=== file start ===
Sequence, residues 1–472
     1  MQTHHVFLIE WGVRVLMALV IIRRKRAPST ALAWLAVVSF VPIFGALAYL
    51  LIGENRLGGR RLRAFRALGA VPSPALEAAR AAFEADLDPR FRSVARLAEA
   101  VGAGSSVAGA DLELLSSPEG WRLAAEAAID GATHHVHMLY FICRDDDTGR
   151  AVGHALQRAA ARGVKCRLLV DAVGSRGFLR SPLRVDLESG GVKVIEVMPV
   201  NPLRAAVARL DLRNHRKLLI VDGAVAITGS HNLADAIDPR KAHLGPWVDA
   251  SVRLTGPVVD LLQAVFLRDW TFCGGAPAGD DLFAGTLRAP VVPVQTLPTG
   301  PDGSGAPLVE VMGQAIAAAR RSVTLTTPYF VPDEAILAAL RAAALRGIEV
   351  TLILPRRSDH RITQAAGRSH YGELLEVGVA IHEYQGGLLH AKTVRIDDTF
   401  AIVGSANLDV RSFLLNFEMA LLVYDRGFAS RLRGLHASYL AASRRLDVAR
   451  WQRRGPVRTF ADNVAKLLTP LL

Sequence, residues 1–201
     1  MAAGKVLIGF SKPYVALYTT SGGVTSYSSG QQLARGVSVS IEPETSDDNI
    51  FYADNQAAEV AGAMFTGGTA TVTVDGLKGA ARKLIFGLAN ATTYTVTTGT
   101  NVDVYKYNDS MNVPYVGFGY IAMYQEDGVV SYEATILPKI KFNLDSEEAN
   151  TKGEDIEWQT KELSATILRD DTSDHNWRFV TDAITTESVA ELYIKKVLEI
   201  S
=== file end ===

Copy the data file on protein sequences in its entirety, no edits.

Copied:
Sequence, residues 1–472
     1  MQTHHVFLIE WGVRVLMALV IIRRKRAPST ALAWLAVVSF VPIFGALAYL
    51  LIGENRLGGR RLRAFRALGA VPSPALEAAR AAFEADLDPR FRSVARLAEA
   101  VGAGSSVAGA DLELLSSPEG WRLAAEAAID GATHHVHMLY FICRDDDTGR
   151  AVGHALQRAA ARGVKCRLLV DAVGSRGFLR SPLRVDLESG GVKVIEVMPV
   201  NPLRAAVARL DLRNHRKLLI VDGAVAITGS HNLADAIDPR KAHLGPWVDA
   251  SVRLTGPVVD LLQAVFLRDW TFCGGAPAGD DLFAGTLRAP VVPVQTLPTG
   301  PDGSGAPLVE VMGQAIAAAR RSVTLTTPYF VPDEAILAAL RAAALRGIEV
   351  TLILPRRSDH RITQAAGRSH YGELLEVGVA IHEYQGGLLH AKTVRIDDTF
   401  AIVGSANLDV RSFLLNFEMA LLVYDRGFAS RLRGLHASYL AASRRLDVAR
   451  WQRRGPVRTF ADNVAKLLTP LL

Sequence, residues 1–201
     1  MAAGKVLIGF SKPYVALYTT SGGVTSYSSG QQLARGVSVS IEPETSDDNI
    51  FYADNQAAEV AGAMFTGGTA TVTVDGLKGA ARKLIFGLAN ATTYTVTTGT
   101  NVDVYKYNDS MNVPYVGFGY IAMYQEDGVV SYEATILPKI KFNLDSEEAN
   151  TKGEDIEWQT KELSATILRD DTSDHNWRFV TDAITTESVA ELYIKKVLEI
   201  S